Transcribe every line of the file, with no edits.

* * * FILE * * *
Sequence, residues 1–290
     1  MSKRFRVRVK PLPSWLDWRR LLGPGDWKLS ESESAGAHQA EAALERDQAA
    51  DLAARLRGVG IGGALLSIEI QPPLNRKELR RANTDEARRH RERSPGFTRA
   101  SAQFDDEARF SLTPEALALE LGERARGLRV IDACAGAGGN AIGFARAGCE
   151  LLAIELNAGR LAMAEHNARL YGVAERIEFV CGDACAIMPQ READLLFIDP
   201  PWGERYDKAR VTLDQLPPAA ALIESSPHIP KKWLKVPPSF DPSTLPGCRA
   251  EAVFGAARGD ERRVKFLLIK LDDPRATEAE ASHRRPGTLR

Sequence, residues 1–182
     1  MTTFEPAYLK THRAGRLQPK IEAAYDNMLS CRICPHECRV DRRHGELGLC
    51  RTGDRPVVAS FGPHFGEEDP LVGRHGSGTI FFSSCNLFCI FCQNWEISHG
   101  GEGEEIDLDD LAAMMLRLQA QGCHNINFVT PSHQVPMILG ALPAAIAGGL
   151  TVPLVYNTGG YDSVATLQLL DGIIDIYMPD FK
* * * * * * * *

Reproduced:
Sequence, residues 1–290
     1  MSKRFRVRVK PLPSWLDWRR LLGPGDWKLS ESESAGAHQA EAALERDQAA
    51  DLAARLRGVG IGGALLSIEI QPPLNRKELR RANTDEARRH RERSPGFTRA
   101  SAQFDDEARF SLTPEALALE LGERARGLRV IDACAGAGGN AIGFARAGCE
   151  LLAIELNAGR LAMAEHNARL YGVAERIEFV CGDACAIMPQ READLLFIDP
   201  PWGERYDKAR VTLDQLPPAA ALIESSPHIP KKWLKVPPSF DPSTLPGCRA
   251  EAVFGAARGD ERRVKFLLIK LDDPRATEAE ASHRRPGTLR

Sequence, residues 1–182
     1  MTTFEPAYLK THRAGRLQPK IEAAYDNMLS CRICPHECRV DRRHGELGLC
    51  RTGDRPVVAS FGPHFGEEDP LVGRHGSGTI FFSSCNLFCI FCQNWEISHG
   101  GEGEEIDLDD LAAMMLRLQA QGCHNINFVT PSHQVPMILG ALPAAIAGGL
   151  TVPLVYNTGG YDSVATLQLL DGIIDIYMPD FK